But people are starting to take an interest in where these products come from. Although we’re still a way off from end users demanding sustainably produced metals and minerals (currently that comes from investors and consumer companies, although we are seeing the emergence of brands like Fairphone to cater to more conscientious technology users), with the rise of technologies like blockchain comes knowledge and power.
And, as we start to measure and improve the footprint of mined products, if we package that information in the right way and communicate it effectively, then it could be a really positive tool with which to build societal trust.
It could also create premium products that people want to spend more money on. And that, in turn, will allow us to do other things, like invest more in shared value initiatives.
There are endless possibilities… and we don’t even need to worry about getting it right at this stage – just talk about it.
“For me, it’s a no-brainer,” Freele agreed. “If you care about the tea picker who produced your cup of tea, the coffee bean harvester who produced your morning brew, why on earth would you not care about the miners who dug up the metals in your iPhone?”
We are seeing the rise of conscious consumerism in a very pronounced way with Gen Z and even with millennials.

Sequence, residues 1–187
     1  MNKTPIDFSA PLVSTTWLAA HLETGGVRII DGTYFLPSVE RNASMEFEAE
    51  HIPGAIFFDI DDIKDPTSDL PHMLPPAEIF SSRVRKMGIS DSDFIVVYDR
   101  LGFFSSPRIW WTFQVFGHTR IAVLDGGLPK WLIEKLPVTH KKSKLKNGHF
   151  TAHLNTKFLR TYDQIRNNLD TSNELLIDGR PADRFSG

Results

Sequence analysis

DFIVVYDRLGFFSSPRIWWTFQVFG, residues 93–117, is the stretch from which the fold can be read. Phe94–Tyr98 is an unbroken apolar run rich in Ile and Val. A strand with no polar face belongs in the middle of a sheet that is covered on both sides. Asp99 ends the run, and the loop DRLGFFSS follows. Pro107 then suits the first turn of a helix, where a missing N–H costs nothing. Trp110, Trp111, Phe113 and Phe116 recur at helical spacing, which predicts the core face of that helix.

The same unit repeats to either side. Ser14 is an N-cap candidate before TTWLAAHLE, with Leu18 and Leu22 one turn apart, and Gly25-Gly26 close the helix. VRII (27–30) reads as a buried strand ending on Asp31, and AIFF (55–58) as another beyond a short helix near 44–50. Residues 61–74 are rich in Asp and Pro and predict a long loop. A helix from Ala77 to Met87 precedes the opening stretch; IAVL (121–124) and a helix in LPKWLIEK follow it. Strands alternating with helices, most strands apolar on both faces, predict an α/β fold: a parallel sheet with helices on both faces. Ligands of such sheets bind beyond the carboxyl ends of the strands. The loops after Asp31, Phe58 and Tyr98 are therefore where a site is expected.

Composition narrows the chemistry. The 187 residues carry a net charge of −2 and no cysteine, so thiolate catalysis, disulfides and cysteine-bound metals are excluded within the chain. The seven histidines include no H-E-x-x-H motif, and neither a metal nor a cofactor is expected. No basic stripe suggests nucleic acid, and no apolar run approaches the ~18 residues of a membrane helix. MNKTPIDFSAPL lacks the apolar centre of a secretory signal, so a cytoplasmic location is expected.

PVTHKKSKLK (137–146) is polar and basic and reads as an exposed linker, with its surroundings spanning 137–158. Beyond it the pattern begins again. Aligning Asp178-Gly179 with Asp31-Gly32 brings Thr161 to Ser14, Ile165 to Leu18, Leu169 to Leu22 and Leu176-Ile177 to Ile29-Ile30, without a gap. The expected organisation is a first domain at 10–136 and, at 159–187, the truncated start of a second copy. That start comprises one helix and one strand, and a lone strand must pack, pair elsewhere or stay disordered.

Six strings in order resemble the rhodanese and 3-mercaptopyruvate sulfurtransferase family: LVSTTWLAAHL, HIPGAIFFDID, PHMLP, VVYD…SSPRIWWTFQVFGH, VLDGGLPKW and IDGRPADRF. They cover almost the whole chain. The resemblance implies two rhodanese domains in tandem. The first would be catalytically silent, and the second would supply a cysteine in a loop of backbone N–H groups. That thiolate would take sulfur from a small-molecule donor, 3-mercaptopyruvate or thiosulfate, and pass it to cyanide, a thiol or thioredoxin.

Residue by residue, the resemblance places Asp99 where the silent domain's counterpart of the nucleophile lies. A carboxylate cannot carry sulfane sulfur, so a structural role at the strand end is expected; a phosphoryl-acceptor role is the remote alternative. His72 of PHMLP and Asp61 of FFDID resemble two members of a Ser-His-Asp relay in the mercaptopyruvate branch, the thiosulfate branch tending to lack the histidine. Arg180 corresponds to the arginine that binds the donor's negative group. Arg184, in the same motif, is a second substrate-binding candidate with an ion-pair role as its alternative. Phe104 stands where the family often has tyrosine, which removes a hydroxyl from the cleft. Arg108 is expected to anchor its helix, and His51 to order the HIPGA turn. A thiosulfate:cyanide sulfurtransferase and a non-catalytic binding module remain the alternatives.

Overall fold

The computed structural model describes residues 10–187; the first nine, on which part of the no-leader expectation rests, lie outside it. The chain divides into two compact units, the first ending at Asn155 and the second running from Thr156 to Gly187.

They may not be holding the purse strings just yet, but there’s $68 trillion of wealth that will soon be exchanging hands in the intergenerational wealth transfer. And that means that end users will be investors before we know it.
It’s already apparent in purchasing behaviours. Young people are making values-based purchasing decisions that look very different to those made by other generations at that same age. They have grown up in a highly connected world with so much information at their fingertips and that influences who they become.
“It’s an inevitability, and I see business leaders as having a choice,” said Freele. “Do you want to lead the pack? Do you want to be the one who is recognised for being informed and brave enough to be among the first? Or do you want to be at the back of the pack being dragged along, screaming?